Ask The Expert: Choosing between an Anonymous vs Known Sperm Donor

GayParentsToBe For Lesbians: Sperm Donor

Every month we ask our LGBT family building experts to answer a question from a gay parent to be. Today Lisa Schuman, licensed clinical social worker (LCSW) answers a question in regards to whether or not a lesbian couple should use an anonymous or known sperm donor.

Do you have your own family building question that you want to ask our LGBT family building team? Leave us a comment below.

Planning Ahead? Choosing between an Anonymous vs Known Sperm Donor

Hi Lisa,

My wife and I have dreamt about having children since we met in high school. We felt like we did all our homework about what it would take. We took all the right steps. We got married. We thought about how we wanted to build our family. We found the right fertility clinic. We decided that she would carry first and I would carry second (since I'm younger) and we are using a good sperm bank.

But now we’re stuck on whether or not to use a sperm donor who would be willing to be contacted when our future child is 18 or to use a completely anonymous donor. The truth is we want to give our future child the gift of being able to contact his or her donor but we aren't in love with any of the open donors we have found and really like a donor we found who is anonymous. We thought doing our due diligence would help us find all the answers but now we’re stumped. Can you give us some
advice?

Cassie


Dear Cassie,

Ok, I will give you a few more things to think about and perhaps that will help. First, let yourself off the hook about thinking that you have to have the exact perfect plan. It’s wonderful that you want to give your child the gift of being able to find his / her donor one day. However, it does not always work out the way we plan. The donors who say their identity can be released when the child is 18 can change their minds. When the first 10 children contact him, he may be very happy to meet, talk and share his history. But when he is older, has a family of his own and perhaps has met 30 offspring already, he may not be as enthusiastic. And the anonymous donor may want to be found one day, even though now he is adamant that he does not want to be. By the time your children are adults, we may be able to find our genetic relatives just by doing a retinal scan.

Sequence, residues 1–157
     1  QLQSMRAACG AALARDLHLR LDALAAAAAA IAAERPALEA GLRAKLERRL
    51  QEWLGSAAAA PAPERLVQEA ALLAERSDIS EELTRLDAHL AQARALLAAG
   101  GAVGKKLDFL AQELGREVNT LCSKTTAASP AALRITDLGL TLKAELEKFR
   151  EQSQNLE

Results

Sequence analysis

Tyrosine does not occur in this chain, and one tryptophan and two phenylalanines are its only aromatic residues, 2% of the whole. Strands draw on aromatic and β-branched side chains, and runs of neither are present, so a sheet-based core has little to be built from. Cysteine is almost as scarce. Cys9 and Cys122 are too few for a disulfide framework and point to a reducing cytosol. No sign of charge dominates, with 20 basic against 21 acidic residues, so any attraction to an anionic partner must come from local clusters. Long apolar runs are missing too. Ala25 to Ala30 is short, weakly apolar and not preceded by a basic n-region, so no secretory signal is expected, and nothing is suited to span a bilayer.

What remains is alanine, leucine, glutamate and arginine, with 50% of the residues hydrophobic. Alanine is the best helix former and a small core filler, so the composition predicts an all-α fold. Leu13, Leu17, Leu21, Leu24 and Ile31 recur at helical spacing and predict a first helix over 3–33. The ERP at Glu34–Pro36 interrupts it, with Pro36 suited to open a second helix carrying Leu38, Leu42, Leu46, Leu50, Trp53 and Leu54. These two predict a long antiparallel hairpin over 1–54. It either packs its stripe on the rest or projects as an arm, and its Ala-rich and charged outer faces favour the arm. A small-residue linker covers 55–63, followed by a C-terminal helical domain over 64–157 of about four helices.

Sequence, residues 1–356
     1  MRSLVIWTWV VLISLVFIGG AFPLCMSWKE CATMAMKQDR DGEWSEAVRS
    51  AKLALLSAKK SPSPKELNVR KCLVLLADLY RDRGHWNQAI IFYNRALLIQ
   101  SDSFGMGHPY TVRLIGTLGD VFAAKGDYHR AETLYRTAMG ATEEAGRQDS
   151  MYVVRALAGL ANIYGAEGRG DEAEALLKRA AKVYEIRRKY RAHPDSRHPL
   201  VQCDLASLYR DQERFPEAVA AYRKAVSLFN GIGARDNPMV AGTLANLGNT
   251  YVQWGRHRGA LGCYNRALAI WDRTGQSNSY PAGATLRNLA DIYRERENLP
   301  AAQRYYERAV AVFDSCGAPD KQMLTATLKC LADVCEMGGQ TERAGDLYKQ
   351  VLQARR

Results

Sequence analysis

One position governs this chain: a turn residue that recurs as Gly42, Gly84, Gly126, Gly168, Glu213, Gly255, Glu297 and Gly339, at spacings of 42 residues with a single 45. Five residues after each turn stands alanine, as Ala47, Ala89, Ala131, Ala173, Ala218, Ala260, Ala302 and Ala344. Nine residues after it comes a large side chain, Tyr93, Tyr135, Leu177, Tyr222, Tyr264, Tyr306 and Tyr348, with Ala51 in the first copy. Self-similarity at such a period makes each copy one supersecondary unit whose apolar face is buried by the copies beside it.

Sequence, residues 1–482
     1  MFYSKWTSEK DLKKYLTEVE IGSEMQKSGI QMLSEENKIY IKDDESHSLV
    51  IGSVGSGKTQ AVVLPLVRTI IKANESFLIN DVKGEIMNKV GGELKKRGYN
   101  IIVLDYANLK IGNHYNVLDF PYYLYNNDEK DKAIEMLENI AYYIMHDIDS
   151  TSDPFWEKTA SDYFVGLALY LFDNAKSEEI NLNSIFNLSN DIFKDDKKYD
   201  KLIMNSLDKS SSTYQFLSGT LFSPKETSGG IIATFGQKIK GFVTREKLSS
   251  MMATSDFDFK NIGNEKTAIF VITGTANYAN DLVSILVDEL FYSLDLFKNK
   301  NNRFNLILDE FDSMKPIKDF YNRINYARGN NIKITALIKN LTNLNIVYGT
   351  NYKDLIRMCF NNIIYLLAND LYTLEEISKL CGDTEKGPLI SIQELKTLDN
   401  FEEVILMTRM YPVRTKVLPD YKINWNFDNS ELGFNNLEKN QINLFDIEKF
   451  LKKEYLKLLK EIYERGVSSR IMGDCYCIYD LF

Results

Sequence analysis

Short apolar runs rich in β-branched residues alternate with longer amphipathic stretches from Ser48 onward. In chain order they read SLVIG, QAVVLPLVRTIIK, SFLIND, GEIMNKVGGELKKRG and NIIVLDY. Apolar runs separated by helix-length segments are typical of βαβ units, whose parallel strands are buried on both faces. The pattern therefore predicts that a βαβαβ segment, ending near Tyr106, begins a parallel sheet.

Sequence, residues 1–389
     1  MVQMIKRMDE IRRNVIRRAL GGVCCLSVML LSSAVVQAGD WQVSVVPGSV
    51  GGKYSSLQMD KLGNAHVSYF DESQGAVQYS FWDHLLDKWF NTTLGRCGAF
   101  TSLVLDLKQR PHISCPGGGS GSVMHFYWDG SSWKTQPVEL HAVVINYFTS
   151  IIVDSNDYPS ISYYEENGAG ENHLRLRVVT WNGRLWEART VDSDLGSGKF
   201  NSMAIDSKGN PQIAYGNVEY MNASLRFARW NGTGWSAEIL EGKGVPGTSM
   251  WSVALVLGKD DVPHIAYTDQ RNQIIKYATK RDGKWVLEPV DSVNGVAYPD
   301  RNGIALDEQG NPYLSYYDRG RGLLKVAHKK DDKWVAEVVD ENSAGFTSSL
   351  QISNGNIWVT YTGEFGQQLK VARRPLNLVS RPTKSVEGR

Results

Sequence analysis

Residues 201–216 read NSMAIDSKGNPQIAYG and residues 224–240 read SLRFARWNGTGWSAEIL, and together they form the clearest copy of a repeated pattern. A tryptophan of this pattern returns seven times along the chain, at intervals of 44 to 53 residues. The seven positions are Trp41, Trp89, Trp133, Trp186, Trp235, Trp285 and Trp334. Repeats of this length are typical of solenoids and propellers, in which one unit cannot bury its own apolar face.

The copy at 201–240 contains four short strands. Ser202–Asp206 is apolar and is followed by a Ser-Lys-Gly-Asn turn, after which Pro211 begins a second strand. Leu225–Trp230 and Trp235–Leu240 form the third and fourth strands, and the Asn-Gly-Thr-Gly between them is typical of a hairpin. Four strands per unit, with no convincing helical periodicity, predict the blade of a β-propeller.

Take a look at the website, The Donor Sibling Registry. So many kids are finding their donors and genetically related siblings. They connect with them and share stories. Sometimes I think everyone would like a different sibling. But I digress. The bottom line is that you should choose a donor that is right for your family now because we don't know what the future will bring. The question is how do you do that? That’s a longer conversation than we can have here but here are a couple of tips that I can leave you to take into account.

Think about health first. Not just the health of the donor but relatives on both sides. Then think about the biological mix between the partner who will be using her eggs and that donor. You don't want to double the risk of any genetically inherited difficulties so for example, if you are using your eggs and you have heart disease in your family the donor should not have heart disease in his family. This is one of the benefits of choosing a donor. You can choose the genetics!

Also, think about the genetics of both sides of his family as being stronger than the traits you see in his profile. For example, I met with a donor who was blonde but he has three red haired brothers. If you are interested in fair skin, tall stature, dark hair etc… make sure your donor is not the only family member who has that trait. Look at the overall picture on both sides of the family.

Beyond those two tips, the rest is gravy. Health and inheritable traits are primary. Being musical or athletic are not necessarily inheritable traits and are far less important. Remember that everyone finds their baby the cutest baby in the world. You will love your child if he has your grandfather’s nose and the donor’s eyebrows. None of those will matter but health will always matter. And if you want your child to bear some family resemblance you may be able to have that as well. After that there is not much in our control. Then again, much of parenthood is like that anyway. We focus on what’s important and let a lot of the not so important things go. So imagine this exercise as step towards parenthood.

Enjoy the journey,

Lisa

Lisa Schuman

Lisa Schuman

Lisa Schuman, LCSW is a psychotherapist who has been counseling individuals, couples and groups on a variety of issues and has specialized in reproductive medicine for over a decade. Ms. Schuman helps individuals through all aspects of the family building process.

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